ARTISTS IN IRELAND
Sarah Cecilia Harrison (1863-1941)
Born in County Down, to a prosperous family, she moved with her family to London in 1873 on the death of her father. From 1878 to 1885, she studied at the Slade School of Fine Art under Alphonse Legros - his focus on realism and precise draughtsmanship was to have a profound and long-lasting effect on her work. To further her training, she studied Old Master paintings in London and on the Continent. Four years later, in 1889, she settled in Dublin to begin a career in portrait art, submitting for the first time to the annual exhibition of the Royal Hibernian Academy.
Thereafter, until 1933, she was a regular contributor to the RHA, submitting a total of 60 paintings, mostly portraits. She also showed at the Royal Academy in London. In 1890, she spent time in France where she completed a number of plein-air studies of children and landscapes in Etaples and Brittany. A great admirer of John Butler Yeats, WB Yeats' father, Cecilia Harrison herself gradually became known as one of the foremost portrait artists in Ireland.
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First Woman to Serve on Dublin City Council
In addition to her painting practice, the beautiful six-feet two-inch green-eyed Harrison was actively involved in politics - her brother Henry, a strong supporter of Charles Stewart Parnell, was MP for Tipperary - and a forceful advocate of social reform in Dublin. In 1912, she was elected the first female city councillor of Dublin Corporation, a post she retained until 1915.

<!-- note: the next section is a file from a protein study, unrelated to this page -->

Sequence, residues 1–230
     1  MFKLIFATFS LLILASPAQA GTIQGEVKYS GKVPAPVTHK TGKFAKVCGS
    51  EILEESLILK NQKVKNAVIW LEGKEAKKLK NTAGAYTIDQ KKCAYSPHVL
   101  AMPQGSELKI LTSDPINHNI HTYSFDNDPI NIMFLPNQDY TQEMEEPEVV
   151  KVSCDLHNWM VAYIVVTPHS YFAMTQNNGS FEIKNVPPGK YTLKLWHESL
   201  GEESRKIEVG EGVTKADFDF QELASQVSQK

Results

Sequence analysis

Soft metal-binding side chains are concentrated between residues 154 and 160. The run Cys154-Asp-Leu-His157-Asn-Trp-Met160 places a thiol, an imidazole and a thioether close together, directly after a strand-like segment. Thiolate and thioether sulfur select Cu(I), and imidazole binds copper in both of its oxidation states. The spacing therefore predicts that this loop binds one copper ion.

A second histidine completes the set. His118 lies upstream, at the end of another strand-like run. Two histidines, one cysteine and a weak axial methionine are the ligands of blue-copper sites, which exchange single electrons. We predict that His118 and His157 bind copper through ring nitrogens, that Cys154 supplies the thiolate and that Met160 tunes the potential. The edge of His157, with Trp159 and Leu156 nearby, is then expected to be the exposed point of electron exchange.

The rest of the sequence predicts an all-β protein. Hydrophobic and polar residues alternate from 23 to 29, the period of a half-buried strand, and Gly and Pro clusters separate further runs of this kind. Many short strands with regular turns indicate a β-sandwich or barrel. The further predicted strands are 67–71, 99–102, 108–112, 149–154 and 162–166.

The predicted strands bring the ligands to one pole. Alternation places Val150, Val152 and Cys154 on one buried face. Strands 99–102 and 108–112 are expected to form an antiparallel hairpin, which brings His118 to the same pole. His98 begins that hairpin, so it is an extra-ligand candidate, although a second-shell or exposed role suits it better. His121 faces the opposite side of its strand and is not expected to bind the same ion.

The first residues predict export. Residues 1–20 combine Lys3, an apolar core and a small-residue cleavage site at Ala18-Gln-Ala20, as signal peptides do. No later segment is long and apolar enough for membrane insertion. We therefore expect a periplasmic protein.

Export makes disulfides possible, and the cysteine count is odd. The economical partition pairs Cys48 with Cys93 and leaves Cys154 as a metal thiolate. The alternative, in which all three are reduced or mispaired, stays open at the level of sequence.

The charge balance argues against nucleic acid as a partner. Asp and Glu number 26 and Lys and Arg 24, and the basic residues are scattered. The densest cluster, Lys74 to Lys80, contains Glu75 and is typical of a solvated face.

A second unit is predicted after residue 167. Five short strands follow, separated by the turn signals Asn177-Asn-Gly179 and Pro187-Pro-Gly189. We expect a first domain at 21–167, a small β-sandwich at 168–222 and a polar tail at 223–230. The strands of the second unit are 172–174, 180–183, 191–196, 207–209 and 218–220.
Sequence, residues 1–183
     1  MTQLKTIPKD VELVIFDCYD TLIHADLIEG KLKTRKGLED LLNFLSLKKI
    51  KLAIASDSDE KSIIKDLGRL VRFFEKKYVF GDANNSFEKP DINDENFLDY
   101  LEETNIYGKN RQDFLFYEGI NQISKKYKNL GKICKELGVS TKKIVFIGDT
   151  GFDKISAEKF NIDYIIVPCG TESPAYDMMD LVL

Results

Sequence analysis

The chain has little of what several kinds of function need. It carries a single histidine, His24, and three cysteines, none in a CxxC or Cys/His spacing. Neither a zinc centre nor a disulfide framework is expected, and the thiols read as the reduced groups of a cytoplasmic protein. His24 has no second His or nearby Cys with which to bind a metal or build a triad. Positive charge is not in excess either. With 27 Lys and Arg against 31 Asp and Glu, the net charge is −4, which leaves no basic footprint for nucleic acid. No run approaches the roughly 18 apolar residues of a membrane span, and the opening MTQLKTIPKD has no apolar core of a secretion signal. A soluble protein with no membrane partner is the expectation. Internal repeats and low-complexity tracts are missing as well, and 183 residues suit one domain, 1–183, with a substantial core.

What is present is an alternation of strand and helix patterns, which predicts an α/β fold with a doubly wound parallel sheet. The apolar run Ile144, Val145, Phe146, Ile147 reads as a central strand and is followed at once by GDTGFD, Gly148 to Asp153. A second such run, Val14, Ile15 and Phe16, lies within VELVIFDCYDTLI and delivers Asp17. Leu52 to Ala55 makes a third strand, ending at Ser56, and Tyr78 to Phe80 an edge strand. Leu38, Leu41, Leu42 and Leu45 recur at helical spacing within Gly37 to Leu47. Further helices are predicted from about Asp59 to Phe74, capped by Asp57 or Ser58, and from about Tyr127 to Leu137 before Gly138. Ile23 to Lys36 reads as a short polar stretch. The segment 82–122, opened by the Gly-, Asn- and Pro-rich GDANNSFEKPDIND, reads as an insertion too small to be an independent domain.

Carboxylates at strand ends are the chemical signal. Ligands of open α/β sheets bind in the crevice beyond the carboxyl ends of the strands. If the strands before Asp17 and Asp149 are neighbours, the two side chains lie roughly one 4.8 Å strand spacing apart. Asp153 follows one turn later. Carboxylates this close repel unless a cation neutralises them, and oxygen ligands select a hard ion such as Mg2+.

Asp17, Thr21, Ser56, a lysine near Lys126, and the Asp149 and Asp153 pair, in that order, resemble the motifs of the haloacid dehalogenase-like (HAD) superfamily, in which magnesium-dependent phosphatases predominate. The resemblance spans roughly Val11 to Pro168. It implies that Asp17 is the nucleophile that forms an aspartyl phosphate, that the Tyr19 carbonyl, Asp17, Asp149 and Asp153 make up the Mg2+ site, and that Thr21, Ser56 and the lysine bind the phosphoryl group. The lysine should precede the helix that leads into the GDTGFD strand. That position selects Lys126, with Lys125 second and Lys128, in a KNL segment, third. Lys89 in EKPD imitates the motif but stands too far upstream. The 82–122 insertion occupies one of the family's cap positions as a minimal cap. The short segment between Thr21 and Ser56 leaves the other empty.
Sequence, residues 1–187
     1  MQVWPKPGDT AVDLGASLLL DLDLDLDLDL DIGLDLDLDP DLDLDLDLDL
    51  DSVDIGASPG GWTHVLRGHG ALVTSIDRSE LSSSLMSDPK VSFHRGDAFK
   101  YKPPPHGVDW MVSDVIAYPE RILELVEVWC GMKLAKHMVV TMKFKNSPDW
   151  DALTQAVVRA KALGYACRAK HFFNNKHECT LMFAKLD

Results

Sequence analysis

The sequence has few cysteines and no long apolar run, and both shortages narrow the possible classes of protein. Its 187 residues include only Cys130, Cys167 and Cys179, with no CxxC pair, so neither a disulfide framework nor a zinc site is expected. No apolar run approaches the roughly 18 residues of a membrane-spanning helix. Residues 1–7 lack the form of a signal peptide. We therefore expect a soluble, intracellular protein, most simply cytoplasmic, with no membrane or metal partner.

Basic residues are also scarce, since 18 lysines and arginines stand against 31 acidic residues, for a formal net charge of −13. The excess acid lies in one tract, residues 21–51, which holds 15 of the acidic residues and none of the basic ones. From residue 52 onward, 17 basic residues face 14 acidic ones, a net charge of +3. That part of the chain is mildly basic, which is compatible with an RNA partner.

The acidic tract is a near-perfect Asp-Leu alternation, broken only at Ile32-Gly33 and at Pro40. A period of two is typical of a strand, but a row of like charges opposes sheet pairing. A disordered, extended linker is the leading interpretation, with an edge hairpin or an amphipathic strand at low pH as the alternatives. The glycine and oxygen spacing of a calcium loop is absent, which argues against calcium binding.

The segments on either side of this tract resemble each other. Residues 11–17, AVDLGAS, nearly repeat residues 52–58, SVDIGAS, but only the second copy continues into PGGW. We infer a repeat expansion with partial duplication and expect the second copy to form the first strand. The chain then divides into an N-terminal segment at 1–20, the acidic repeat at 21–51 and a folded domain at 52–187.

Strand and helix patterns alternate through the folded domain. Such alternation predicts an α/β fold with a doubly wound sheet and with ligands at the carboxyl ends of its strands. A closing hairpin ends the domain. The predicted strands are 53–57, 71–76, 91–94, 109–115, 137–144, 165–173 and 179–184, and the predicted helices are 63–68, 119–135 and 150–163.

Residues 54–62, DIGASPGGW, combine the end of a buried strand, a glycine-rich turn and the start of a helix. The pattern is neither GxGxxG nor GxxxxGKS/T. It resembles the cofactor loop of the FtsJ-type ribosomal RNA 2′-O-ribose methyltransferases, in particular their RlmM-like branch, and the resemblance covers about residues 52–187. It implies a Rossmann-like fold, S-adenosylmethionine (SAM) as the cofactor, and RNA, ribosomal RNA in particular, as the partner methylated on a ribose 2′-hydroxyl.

Relationship with Sir Hugh Percy Lane
Since the early 1900s, she had also become involved in the campaign of Hugh Lane (1875-1915) to establish a permanent gallery of modern art in Dublin. After Lane's tragic death on the SS Lusitania in 1915, Celia Harrison stated that they had been engaged to be married and that Lane had intended to make it public following his return from America.
Be that as it may, her portrait of Hugh Lane, painted in 1914 on wood with tight brush strokes and an enamel-like appearance, is one of her best works. Harrison continued painting for over 25 years, exhibiting regularly in Dublin and in Belfast, where she was appointed an Honorary Academician of the Royal Ulster Academy of Fine Arts. She never married.
As an artist, she was a consummate realist with a deep respect for exact draughtsmanship and precise brushwork. There are two self-portraits in the Hugh Lane Gallery, including a delightful early study in oils; another of her as a young woman, in the National Gallery of Ireland; and a 1920 study of herself in red conte chalk on paper, in the National Self-Portrait Collection of Ireland at Limerick University. Further examples of her works are in all three galleries, OPW, the Scottish National Portrait Gallery Edinburgh and the Ulster Museum Belfast, to name but a few collections.
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